22 January 2009

Predictably Irrational – Dan Ariely (2008)

Predictably Irrational is a book by Dan Ariely, a professor of behavioral economics at MIT, and it’s subtitled ‘The Hidden Forces That Shape Our Decisions’.  Ariely takes issue with the standard economics assumption of the fully rational man, and shows through various experiments a few of the many ways in which we make systematically irrational decisions.  Some topics I’ve heard about before, such as the effect of anchoring (the notion that thinking of a random number, such as a value between 1 and 100, can then influence how much you might be willing to pay for an item), but there’s plenty of new findings here that really make you think about your own habits.

I’ll let Dan himself tell you the bottom line, from page 239:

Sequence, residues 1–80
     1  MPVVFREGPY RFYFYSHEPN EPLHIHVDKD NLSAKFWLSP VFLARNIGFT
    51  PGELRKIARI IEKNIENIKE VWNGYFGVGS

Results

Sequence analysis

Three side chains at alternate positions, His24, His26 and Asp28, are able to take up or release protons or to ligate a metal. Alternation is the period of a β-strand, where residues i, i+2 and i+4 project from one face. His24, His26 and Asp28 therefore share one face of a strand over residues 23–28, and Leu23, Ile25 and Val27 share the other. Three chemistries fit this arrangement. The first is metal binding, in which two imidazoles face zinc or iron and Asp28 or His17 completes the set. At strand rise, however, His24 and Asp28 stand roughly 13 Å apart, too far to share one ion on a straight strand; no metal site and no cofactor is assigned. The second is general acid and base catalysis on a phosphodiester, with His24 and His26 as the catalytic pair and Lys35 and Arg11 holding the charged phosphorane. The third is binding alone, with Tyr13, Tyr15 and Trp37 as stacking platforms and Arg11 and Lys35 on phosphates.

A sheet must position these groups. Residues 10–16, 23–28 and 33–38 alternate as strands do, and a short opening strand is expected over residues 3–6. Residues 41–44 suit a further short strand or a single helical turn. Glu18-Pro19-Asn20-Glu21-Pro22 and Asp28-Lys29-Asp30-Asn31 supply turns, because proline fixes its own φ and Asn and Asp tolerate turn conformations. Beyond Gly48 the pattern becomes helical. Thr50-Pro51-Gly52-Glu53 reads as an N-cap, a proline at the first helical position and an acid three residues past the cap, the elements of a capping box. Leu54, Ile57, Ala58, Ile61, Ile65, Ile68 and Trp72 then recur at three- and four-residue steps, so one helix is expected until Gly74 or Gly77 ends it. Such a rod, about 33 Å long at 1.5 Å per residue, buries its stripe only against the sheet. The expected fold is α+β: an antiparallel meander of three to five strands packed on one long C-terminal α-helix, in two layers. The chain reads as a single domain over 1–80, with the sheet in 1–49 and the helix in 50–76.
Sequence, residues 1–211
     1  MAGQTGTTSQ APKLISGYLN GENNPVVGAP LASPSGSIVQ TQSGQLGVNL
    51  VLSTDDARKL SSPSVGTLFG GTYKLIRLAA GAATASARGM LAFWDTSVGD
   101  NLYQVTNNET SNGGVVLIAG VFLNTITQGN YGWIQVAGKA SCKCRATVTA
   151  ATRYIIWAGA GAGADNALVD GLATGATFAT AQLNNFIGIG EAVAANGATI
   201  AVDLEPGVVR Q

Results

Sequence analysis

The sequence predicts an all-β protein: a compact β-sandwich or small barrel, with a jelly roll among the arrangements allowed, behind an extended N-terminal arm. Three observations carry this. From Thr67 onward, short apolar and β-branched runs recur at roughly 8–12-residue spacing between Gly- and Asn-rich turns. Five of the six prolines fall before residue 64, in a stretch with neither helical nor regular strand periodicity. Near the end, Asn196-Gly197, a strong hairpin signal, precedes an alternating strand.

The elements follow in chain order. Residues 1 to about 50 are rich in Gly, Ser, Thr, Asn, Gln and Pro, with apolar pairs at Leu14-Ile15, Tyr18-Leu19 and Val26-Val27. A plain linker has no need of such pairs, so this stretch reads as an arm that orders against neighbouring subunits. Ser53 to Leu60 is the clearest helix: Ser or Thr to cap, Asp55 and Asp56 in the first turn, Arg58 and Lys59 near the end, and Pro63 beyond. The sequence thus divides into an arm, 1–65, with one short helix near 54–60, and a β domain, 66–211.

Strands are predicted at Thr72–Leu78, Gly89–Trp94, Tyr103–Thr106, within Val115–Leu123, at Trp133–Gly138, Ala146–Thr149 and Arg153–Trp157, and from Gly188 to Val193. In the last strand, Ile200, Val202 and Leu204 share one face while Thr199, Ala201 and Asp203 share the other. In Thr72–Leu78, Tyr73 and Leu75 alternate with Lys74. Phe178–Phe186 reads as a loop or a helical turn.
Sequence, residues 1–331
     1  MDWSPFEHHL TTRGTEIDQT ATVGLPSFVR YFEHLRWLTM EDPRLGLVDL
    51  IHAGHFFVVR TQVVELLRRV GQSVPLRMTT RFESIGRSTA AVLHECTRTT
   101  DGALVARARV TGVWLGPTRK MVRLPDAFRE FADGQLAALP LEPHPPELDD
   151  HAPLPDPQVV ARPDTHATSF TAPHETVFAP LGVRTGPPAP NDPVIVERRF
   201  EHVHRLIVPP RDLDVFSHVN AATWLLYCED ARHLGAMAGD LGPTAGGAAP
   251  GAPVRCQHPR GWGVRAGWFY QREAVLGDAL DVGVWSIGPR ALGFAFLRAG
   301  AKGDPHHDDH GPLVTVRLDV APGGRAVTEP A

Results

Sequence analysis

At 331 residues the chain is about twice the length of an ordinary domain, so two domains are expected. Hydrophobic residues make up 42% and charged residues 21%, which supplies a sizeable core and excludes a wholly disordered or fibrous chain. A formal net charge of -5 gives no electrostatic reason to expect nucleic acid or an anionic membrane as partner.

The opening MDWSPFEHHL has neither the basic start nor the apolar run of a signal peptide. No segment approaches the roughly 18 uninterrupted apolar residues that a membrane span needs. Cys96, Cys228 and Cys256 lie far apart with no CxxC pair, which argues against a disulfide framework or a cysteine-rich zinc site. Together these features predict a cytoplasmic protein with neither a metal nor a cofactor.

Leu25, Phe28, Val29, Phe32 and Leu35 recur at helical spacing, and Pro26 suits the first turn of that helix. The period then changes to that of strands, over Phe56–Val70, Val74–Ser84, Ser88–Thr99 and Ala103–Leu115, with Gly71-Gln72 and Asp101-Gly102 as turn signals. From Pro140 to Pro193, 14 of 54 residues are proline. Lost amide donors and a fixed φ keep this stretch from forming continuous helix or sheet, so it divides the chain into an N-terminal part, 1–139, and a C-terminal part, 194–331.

Standard economics assumes that we are rational – that we know all the pertinent information about our decisions, that we can calculate the value of the different options we face, and that we are cognitively unhindered in weighing the ramifications of each potential choice.

The result is that we are presumed to be making logical and sensible decisions. And even if we make a wrong decision from time to time, the standard economics perspective suggests that we will quickly learn from our mistakes either on our own or with the help of ‘market forces.’ On the basis of these assumptions, economists draw far-reaching conclusions about everything from shopping trends to law to public policy.

But, as the results presented in this book (and others) show, we are all far less rational in our decision making than standard economic theory assumes. Our irrational  behaviors are neither random nor senseless – they are systematic and predictable. We all make the same types of mistakes over and over, because of the basic wiring of our brains. So wouldn’t it make sense to modify standard economics and move away from naive psychology, which often fails the tests of reason, introspection, and – most important – empirical scrutiny?
Recommended, an easy yet thought-provoking book.